This was initially supposed to be a Valentines post...obviously that did not happen. It was too soon after my first post of Will Cotton's works anyway, and that is a lot of sugar to consume at once (no complaints here though).  New York magazine's spring fashion issue featured a cover and spread of Elle Fanning as Will Cotton's latest muse, wearing designs from the spring runway accessorised with sweets and icing against candy land backgrounds that are blowups of Cotton's paintings. I haven't actually seen Fanning in any films so I have no opinion of her as an actress (though I hear she's talented), but I do like her as the human embodiment of sweetness in Cotton's paintings; it rings genuine. (Those Fanning girls really buck the child actor stererotype, don't they?)

Cotton reworked the clothes into "something even more perfect for the environment", adorning them with all kinds of dainty designs made from icing, and 'Cottonised' a brand new Reed Krakoff bag by shoving a couple of big squishy cakes into it!

You can watch the behind-the-scenes video featuring Will Cotton and Elle on The Cut:


Elle pipes the icing corset Will Cotton created to be worn over a Dolce & Gabbana bodysuit. Cotton made the earrings and headpiece, too.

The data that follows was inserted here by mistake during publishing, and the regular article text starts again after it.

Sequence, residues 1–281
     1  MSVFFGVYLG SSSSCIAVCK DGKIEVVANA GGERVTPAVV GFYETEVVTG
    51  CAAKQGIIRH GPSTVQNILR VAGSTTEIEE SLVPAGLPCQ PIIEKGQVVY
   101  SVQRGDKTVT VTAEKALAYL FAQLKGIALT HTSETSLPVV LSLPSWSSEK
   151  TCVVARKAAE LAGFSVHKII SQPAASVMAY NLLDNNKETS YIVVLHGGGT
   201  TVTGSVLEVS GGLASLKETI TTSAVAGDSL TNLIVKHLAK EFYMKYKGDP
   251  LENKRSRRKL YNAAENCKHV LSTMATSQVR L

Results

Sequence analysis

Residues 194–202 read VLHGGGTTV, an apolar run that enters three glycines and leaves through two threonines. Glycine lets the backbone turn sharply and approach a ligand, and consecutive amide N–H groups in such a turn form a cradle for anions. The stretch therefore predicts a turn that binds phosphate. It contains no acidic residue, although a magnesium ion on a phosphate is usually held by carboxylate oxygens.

Elle_will_1Elle Fanning wears a Marchesa gown in front of Will Cotton's Pastoral, 2009

Will Cotton hand piped this Erdem dress with icing to create sugar appliques

Elle_will_4Eyes by Will Cotton, based on Dior

Elle_will_11Will Cotton based this dot candy detailed bag on a Fendi design

Elle_will_13This Thom Browne skirt reminded Will Cotton of a tea tray, so he decorated it with petits fours "because what a nice thing would that be?"


Elle wears a Marc Jacobs dress in front of a version of Will Cotton's Insatiable, 2008

And you thought your purse was messy. Will Cotton stuffed cakes into this Reed Krakoff bag!

Elle wears Reem Acra in front of one of Will Cotton's gingerbread house paintings